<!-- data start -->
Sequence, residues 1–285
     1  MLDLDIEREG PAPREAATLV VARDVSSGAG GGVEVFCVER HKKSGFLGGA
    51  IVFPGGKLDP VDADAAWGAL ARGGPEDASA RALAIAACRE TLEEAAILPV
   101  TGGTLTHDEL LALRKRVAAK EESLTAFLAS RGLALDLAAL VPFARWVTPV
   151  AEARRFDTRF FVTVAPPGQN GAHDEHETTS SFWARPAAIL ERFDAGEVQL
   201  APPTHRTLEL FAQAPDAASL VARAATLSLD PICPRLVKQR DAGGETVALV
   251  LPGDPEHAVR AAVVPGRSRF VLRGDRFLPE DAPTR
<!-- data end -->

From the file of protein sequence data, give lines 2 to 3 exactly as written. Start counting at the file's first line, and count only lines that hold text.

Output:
     1  MLDLDIEREG PAPREAATLV VARDVSSGAG GGVEVFCVER HKKSGFLGGA
    51  IVFPGGKLDP VDADAAWGAL ARGGPEDASA RALAIAACRE TLEEAAILPV